Why am I frustrated?

I read about a family who are unable to fulfil their dream of living in New Zealand because their youngest daughter has Down's Syndrome, and she is seen as a burden to the country. Therefore being denied a visa, despite being otherwise healthy and her family able and willing to pay for any support in school that she requires. A second article is about a man who has passed away because he did not receive the care in hospital that he should have received.

Why are our children or families seen as second-class citizens in some people's eyes? Why are they any less worthy of having a life that they, and we, dream of? Why can't people open their eyes and see what they could learn from these amazing, courageous children and adults?

I wouldn't change a thing about Ava (I would maybe change that she had to go through the battle leading to her heart surgery ... but she won't remember that, so is it really that big a deal?!), however, I would definitely change how health professionals, governments and society in general view people with Down's Syndrome as well as other additional needs and disabilities. 

The 90% (6th July 2021)

I could easily have been one of the 90%, could you?

On Sunday I wrote a social media post about Ava, my youngest daughter, saying I would not have aborted her while pregnant if I had known then that she was going to have Down syndrome. I lied.

The truth is, knowing what I know now, I would not have aborted her. But the me back then? I didn’t know what I know now, I was naive and ill-informed about what having Down syndrome actually meant. I don’t know what choice I would have made. After all, it’s one of the things they test for in pregnancy so as far as I was concerned it must be a terrible thing to have, a burden on the entire family and quite possibly life-limiting. How wrong could I be?!

This week Heidi Crowter is bringing the government to court to change the law around abortion. Many people, myself included before this case, are or were unaware of the discriminatory law around abortion and babies. Children like Ava, who have Down syndrome, as well as those with certain other disabilities are not treated as equals amongst their peers during their mother’s pregnancy. 

Had I known prenatally that Ava would have Down syndrome I would very likely have been offered a termination, probably more than once if I had not taken it up on the first offering. I would have had this as an option, to end her life, right up until she was being born. With Maya and Oscar, I would not have had the option beyond 24 weeks. My children are all equal, they each have so much to offer, an immense amount to teach and each one brings us joy in their own individual way. Equal to us and all who know them, but not in law.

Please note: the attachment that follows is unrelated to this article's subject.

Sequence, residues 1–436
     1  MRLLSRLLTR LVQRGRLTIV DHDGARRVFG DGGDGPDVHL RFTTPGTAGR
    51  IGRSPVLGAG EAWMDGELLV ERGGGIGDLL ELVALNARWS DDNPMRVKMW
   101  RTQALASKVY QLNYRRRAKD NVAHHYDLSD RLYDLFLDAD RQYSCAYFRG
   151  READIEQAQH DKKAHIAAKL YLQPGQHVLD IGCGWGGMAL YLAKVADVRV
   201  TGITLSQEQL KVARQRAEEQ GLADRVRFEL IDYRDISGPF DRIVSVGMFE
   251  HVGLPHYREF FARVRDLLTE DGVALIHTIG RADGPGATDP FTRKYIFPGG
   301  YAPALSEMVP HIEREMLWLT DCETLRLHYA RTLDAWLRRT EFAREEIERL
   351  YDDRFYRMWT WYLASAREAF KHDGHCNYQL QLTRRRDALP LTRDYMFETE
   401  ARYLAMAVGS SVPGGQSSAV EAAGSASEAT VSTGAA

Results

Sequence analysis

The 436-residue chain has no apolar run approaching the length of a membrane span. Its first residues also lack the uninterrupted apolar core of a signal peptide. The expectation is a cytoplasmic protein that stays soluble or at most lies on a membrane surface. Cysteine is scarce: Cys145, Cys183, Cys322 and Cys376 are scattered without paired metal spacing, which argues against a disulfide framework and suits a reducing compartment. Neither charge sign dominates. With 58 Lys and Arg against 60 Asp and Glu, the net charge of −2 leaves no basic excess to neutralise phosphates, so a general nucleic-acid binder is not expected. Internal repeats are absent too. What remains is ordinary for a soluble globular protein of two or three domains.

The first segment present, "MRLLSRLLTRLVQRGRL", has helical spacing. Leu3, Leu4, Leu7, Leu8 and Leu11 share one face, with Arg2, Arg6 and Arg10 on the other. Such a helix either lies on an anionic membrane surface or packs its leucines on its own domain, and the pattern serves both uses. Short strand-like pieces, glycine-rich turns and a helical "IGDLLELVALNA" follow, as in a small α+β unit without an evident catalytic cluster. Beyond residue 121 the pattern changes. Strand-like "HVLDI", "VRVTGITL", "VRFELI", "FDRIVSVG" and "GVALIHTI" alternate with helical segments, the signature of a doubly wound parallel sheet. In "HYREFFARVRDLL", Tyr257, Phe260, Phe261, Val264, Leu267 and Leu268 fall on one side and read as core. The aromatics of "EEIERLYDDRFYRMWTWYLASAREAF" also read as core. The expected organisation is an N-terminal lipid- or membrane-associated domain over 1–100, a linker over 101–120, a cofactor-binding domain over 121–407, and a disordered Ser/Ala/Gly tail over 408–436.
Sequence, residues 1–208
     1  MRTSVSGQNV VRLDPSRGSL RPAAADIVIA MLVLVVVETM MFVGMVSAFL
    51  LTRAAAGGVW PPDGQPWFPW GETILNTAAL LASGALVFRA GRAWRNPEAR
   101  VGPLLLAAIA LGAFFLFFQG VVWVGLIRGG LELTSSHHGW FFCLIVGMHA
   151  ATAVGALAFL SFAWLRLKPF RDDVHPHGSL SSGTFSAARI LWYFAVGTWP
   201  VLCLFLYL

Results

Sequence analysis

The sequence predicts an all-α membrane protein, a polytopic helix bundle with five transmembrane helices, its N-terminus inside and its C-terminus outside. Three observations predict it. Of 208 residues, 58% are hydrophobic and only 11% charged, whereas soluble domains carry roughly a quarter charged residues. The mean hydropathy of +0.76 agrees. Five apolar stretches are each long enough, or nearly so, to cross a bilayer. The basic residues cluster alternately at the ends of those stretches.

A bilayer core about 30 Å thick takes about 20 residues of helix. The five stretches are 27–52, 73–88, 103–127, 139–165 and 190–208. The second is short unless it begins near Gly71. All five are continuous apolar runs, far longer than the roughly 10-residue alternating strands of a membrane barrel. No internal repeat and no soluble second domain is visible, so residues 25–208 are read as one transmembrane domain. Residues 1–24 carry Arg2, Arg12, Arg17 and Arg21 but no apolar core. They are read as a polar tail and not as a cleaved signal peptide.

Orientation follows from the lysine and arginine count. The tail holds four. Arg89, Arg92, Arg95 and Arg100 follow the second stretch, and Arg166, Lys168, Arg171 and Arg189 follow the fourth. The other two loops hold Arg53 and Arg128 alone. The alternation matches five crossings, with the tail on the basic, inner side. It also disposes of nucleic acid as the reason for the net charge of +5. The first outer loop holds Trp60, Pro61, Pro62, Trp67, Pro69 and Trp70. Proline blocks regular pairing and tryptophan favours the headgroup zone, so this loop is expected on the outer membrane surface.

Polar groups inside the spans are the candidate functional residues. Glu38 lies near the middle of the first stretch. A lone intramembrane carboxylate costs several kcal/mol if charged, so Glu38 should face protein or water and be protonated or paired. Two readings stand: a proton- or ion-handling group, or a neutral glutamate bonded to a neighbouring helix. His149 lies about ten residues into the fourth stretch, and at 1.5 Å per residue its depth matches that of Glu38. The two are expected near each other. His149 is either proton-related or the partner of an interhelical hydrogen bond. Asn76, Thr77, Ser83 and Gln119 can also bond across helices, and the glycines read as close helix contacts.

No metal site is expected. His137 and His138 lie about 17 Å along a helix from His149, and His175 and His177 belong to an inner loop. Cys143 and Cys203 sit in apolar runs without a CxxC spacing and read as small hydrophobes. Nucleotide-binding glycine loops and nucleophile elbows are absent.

It may not all be plain sailing with Ava, but it certainly isn’t with Maya and Oscar either! Each of them brings their own challenges and I wouldn’t want any of them to be any other way. 

Yes, we have a few hospital visits each year for Ava to check how she’s doing (brilliantly BTW!), she also had heart surgery at 4 months old and will likely require further surgery in the next couple of years. You know what though? At each cardiology appointment or hospital stay, we did not see another child with Down syndrome, we did however see many children whose parents would not have been offered a late termination because hearts are actually pretty fixable!

We’ve all learned Makaton to support Ava’s communication too, actually, it’s been pretty fun and who doesn’t love to learn a new skill?! The biggest pain in the backside though … is challenging outdated perceptions in society, by medical professionals and apparently the law. That’s the biggest burden. Without needing to open people’s eyes to what is possible, to the joy and to help them realise that children like Ava are not any more of a burden than anyone else, our lives would be a lot easier, Ava’s life will be a lot easier in years to come.  


So, why the 90%? 

Nine out of ten women who find out prenatally that their child will have Down syndrome decide to terminate their pregnancy, for some this is after 24 weeks. It's not uncommon to receive the diagnosis after this point and a termination is currently an option at that point. Yes, some make an informed choice knowing all there is to know. Many are only given limited information or the potential negatives, not a balanced view. The things that COULD be more difficult, but as with any child, we never know what anyone’s future has in store. Why try and predict Ava’s future any more than Maya or Oscar’s? Do you know what your child’s future holds with any certainty?

It pains me to think that our path could have been very different, I could not imagine not having Ava in our lives. She is a lively little 3-year-old, she loves Waffle the Wonder dog (yes we know all of the songs off by heart), Numberblocks (& those songs too!), eating chocolate and singing nursery rhymes. She brings joy to our lives on a daily basis, she’s taught us all to slow down and to value the small things. She’s my greatest teacher and inspiration.

This week I stand with Heidi and with Aidan and fully support them in their case to ensure our babies are #EquallyValued.